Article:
If the global emissions continue as it is then it would hit ‘public health’ of middle income and low income countries and worst hit would be China followed by India.
As per a latest computer modelling study published in The Lancet (March 2), India will witness 1.36 lakh deaths by 2050 attributable to agriculturally mediated changes caused due to climate change. And, China will register over 2.48 lakh deaths due to climate change meanwhile; globally over a billion will be killed due to climate change by 2050.
The study is being tagged first of its kind which has tried to identify wider impact of climate change. In earlier research works much focus was given on impact of climate change on agriculture and food security whereas, minimal focus was given on the impact of climate change on public health.
The researchers used an agricultural economic model fitted with data on emission trajectories, socio-economic pathways, and possible climate responses to evaluate the effects on global food production, trade, and consumption for 2050.
The research leader, Dr. Marco Springmann is from the Oxford Programe on the Future of Food at the University of Oxford in England.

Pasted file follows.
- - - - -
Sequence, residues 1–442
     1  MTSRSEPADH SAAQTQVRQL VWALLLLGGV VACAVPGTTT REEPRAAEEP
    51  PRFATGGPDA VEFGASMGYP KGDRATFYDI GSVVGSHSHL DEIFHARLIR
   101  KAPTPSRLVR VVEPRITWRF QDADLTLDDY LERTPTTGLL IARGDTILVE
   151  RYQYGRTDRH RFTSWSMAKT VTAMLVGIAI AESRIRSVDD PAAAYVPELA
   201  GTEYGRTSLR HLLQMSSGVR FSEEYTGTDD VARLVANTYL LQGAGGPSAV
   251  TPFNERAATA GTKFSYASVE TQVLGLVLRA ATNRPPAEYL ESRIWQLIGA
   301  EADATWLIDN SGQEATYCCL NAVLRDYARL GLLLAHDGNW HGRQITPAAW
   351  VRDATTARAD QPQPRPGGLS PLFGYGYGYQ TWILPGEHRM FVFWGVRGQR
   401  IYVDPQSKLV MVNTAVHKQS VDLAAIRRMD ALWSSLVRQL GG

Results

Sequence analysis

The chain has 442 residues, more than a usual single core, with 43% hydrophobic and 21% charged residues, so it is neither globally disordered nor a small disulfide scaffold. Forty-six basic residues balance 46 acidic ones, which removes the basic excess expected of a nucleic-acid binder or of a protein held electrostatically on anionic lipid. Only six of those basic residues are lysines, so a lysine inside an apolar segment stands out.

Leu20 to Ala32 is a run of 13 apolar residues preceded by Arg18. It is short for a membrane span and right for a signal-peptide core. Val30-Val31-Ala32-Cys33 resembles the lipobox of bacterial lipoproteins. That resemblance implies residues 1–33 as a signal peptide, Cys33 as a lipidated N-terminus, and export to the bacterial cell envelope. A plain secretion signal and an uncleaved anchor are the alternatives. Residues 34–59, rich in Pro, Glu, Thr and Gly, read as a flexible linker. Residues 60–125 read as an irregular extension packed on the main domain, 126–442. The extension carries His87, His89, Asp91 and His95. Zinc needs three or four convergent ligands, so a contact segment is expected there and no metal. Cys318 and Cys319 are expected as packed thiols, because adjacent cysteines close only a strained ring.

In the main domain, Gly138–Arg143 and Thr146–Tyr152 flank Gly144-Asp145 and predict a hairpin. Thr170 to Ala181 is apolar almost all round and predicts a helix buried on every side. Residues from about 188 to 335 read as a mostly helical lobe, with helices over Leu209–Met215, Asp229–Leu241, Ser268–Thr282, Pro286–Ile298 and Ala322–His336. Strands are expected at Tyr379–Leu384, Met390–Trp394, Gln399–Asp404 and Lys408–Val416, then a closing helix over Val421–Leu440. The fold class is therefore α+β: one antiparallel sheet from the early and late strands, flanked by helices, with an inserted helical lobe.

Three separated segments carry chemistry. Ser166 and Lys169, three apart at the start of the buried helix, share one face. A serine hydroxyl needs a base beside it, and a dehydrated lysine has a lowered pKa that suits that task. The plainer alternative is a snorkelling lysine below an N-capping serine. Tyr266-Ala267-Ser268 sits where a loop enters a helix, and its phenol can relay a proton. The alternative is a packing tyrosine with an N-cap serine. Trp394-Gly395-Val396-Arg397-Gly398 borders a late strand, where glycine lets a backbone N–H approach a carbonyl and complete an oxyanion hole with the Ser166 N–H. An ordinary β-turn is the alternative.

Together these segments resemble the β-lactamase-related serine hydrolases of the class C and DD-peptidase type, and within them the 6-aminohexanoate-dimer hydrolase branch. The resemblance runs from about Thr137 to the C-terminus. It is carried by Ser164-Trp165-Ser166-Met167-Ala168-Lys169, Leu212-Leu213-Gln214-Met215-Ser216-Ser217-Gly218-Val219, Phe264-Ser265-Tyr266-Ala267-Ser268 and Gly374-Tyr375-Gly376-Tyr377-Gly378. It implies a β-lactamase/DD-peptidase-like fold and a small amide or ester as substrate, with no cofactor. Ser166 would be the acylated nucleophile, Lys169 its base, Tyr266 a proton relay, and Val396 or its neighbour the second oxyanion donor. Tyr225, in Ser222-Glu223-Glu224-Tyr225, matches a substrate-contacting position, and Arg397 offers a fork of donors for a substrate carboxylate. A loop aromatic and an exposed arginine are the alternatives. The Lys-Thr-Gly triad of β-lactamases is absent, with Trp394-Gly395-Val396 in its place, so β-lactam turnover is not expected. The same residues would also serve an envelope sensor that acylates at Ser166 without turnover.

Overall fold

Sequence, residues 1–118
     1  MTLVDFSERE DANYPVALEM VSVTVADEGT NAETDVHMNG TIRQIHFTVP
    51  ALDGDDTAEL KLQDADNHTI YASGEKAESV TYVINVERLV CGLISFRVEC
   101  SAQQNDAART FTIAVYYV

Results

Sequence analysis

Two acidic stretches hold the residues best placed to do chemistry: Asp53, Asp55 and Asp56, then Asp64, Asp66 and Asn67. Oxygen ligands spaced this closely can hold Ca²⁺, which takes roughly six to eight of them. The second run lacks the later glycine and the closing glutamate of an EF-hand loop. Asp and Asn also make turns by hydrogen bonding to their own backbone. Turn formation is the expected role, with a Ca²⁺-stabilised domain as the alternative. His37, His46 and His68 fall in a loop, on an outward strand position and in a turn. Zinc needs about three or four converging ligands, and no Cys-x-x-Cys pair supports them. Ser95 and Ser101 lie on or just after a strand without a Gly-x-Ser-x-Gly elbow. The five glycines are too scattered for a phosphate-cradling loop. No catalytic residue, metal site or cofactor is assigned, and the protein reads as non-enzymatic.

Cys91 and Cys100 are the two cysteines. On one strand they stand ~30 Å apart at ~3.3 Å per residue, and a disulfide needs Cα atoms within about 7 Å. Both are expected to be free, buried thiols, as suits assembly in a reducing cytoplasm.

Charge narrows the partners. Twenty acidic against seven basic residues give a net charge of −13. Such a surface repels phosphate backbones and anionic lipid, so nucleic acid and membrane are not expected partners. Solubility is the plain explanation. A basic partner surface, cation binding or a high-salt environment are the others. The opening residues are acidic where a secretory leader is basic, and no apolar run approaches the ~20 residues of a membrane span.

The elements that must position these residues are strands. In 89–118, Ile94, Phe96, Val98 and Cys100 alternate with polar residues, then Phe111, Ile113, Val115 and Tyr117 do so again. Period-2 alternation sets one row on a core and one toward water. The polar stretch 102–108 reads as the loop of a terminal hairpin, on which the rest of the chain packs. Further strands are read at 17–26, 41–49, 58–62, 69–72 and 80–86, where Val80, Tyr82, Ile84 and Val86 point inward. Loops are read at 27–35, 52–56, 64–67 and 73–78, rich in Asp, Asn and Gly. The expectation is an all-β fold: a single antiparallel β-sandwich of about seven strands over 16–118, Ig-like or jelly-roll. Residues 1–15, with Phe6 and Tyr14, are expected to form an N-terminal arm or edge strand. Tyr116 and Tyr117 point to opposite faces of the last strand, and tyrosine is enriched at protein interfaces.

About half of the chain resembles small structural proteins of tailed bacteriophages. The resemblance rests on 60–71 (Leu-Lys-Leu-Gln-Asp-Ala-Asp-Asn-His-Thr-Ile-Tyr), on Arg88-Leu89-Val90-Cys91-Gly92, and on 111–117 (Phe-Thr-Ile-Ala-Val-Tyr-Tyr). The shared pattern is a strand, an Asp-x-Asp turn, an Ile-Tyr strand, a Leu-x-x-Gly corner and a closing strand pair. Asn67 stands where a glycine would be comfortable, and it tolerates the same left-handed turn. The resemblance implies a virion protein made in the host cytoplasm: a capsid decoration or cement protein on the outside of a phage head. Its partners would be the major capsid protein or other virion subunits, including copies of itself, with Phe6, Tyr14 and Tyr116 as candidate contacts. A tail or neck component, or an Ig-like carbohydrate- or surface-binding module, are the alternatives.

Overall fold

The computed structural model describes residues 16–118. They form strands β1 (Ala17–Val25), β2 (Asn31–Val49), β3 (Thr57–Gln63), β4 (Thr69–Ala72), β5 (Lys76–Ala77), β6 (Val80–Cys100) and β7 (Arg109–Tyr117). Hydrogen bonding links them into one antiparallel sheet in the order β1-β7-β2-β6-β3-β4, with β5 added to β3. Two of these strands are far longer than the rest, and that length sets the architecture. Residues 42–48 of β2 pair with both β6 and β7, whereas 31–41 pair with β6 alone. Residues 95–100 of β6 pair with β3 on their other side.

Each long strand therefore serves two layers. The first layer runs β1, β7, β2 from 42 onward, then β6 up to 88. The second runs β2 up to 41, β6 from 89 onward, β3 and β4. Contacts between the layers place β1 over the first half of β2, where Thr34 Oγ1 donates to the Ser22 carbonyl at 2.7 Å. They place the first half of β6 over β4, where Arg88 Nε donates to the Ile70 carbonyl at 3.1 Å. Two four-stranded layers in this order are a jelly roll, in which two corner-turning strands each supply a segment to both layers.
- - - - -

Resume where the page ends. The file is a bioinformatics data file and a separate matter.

His study published in The Lancet, read, “The model projects that by 2050, climate change will lead to per-person reductions of 3·2% in global food availability, 4·0% in fruit and vegetable consumption, and 0·7% in red meat consumption. These changes will be associated with 529?000 climate-related deaths worldwide, representing a 28% reduction in the number of deaths that would be avoided because of changes in dietary and weight-related risk factors between 2010 and 2050. Twice as many climate-related deaths were associated with reductions in fruit and vegetable consumption than with climate-related increases in the prevalence of underweight, and most climate-related deaths were projected to occur in south and east Asia.”
The experts are of view that health effects of climate change from changes in dietary and weight-related risk factors could be substantial, and exceed other climate-related health impacts.
On the contrary to death data, the study has also indicated that adoption of climate-stabilisation pathways can reduce the number of climate-related deaths by 29-71%, depending on stringency adopted to stop climate change.